Is it okay to be physically active while I’m pregnant and after I have my baby?
Yes! If you are a healthy pregnant or postpartum woman, physical activity is good for your overall health. For example, moderate-intensity physical activity, such as brisk walking, keeps your heart and lungs healthy during and after pregnancy. Physical activity also helps improve your mood throughout pregnancy and after birth. After you have your baby, exercise also helps maintain a healthy weight, and when combined with eating fewer calories, helps with weight loss.
Talk to Your Doctor
If you are pregnant, you should be under the care of a doctor who can monitor the progress of the pregnancy. Consult your doctor about whether or how to adjust your physical activity during and after your pregnancy.
Learn more about key recommendations for women during pregnancy and the postpartum period from the Physical Activity Guidelines for Americans, 2nd edition. [PDF-15.2MB]
Check out this chart of physical activity recommendations for healthy pregnant and postpartum women.
Pregnant or postpartum women should do at least 150 minutes (for example, 30 minutes a day, five days a week) of moderate-intensity aerobic physical activity per week, such as brisk walking, during and after their pregnancy. It is best to spread this activity throughout the week.
Women who already do vigorous-intensity aerobic physical activity, such as running, can continue doing so during and after their pregnancy.
We know 150 minutes each week sounds like a lot of time, but you don’t have to do it all at once. Not only is it best to spread your physical activity out during the week, but you can break it up into smaller chunks of time during the day. As long as your aerobic physical activity is a moderate or vigorous effort, any amount of time counts toward meeting the aerobic guideline.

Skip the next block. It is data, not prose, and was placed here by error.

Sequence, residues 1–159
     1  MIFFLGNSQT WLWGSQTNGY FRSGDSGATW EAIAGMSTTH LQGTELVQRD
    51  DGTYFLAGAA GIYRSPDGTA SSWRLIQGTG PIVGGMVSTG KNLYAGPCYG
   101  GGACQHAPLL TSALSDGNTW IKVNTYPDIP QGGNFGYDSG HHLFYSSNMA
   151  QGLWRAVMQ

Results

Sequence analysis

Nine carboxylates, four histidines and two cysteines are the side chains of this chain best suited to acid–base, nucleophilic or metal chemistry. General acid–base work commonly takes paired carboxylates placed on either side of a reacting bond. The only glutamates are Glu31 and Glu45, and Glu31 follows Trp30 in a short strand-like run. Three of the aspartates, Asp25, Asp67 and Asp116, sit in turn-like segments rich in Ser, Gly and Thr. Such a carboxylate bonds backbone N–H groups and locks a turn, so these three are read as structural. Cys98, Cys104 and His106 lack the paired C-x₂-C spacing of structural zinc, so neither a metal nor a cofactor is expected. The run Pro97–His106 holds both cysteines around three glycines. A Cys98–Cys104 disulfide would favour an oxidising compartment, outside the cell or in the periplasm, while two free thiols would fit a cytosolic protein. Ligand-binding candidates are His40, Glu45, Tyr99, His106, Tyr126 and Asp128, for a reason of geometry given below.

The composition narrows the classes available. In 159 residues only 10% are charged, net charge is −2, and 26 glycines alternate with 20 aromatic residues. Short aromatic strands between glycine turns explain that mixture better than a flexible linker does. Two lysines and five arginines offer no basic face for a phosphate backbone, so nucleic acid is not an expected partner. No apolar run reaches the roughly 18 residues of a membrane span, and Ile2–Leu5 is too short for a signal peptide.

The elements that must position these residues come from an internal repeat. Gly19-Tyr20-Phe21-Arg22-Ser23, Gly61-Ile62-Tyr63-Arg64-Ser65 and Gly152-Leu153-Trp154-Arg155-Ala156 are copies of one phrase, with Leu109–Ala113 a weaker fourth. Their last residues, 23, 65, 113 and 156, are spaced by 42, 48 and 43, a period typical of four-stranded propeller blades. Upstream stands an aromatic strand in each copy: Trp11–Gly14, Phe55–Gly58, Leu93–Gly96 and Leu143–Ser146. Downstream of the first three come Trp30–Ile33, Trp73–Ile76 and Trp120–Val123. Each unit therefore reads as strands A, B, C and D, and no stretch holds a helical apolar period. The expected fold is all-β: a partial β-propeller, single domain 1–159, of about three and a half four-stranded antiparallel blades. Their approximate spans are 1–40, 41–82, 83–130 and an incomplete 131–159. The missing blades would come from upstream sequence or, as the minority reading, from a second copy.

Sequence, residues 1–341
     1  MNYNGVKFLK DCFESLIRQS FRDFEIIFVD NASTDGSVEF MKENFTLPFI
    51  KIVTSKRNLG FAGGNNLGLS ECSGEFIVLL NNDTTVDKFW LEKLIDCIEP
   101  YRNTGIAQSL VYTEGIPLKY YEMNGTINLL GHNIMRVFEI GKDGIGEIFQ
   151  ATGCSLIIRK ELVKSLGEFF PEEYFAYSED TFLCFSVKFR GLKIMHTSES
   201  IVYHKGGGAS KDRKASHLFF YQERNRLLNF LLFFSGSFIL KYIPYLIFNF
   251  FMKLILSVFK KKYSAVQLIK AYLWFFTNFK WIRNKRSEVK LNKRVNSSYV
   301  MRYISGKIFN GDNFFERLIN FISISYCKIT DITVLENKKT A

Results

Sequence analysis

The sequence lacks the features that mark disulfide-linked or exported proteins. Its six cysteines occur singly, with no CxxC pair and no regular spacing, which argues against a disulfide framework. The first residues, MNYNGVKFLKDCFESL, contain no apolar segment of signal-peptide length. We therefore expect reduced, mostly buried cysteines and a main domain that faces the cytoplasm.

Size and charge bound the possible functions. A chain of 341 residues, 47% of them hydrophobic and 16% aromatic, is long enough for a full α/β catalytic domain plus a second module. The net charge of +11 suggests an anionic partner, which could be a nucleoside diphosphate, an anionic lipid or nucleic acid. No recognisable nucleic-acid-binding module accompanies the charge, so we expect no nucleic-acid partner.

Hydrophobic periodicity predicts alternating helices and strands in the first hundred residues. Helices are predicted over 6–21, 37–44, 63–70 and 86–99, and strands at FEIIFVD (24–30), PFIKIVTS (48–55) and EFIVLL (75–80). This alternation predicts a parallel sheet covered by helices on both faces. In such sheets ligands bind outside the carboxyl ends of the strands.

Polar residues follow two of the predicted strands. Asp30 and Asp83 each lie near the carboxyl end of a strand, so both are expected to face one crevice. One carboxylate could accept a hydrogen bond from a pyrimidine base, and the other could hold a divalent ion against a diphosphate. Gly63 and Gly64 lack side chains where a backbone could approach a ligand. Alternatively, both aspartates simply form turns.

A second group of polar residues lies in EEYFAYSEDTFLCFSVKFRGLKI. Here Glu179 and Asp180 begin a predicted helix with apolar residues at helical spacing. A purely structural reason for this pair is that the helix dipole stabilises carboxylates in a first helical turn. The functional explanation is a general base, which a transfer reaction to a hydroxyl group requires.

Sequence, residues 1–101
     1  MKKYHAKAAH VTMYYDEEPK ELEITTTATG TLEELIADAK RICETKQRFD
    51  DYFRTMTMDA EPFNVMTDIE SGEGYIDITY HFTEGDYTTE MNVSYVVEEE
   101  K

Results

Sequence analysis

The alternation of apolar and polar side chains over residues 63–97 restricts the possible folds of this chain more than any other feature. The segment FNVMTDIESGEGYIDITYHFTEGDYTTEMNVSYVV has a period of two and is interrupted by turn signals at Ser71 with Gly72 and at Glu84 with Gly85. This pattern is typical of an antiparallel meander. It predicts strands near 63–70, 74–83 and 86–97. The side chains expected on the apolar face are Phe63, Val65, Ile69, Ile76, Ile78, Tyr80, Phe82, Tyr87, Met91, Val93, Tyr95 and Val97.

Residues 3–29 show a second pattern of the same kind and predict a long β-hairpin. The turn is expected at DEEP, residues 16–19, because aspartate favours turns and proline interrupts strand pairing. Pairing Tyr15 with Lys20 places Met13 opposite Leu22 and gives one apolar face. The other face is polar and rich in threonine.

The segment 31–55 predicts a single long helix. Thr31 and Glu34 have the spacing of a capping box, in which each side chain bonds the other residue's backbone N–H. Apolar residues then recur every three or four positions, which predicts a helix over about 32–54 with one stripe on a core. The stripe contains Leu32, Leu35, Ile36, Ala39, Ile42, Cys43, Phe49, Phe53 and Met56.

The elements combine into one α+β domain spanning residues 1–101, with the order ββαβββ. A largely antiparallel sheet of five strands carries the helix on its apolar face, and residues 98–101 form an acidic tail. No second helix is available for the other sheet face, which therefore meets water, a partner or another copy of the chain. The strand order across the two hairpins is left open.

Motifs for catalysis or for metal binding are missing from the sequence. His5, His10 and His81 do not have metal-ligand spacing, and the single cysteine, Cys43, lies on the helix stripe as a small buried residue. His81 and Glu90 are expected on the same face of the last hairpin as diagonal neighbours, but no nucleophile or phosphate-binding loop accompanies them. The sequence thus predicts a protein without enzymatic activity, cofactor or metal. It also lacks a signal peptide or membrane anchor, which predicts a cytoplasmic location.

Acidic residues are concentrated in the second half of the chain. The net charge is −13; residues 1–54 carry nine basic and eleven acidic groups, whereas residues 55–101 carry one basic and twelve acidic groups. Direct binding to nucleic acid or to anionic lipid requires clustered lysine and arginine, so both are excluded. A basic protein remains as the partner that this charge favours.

According to scientific evidence, the risks of moderate-intensity aerobic activity, such as brisk walking, are very low for healthy pregnant women. Physical activity does not increase your chances of low-birth weight, early delivery, or early pregnancy loss.
Unless you have a medical reason to avoid physical activity during or after your pregnancy, you can begin or continue moderate-intensity aerobic physical activity.
For more information on moderate- and vigorous-intensity aerobic physical activity, visit the Active Adults section.
Join CDC’s Active People, Healthy Nation initiative and learn how to get started today!Join Active People, Healthy Nation
Join CDC’s Active People, Healthy Nation initiative and learn how to get started today!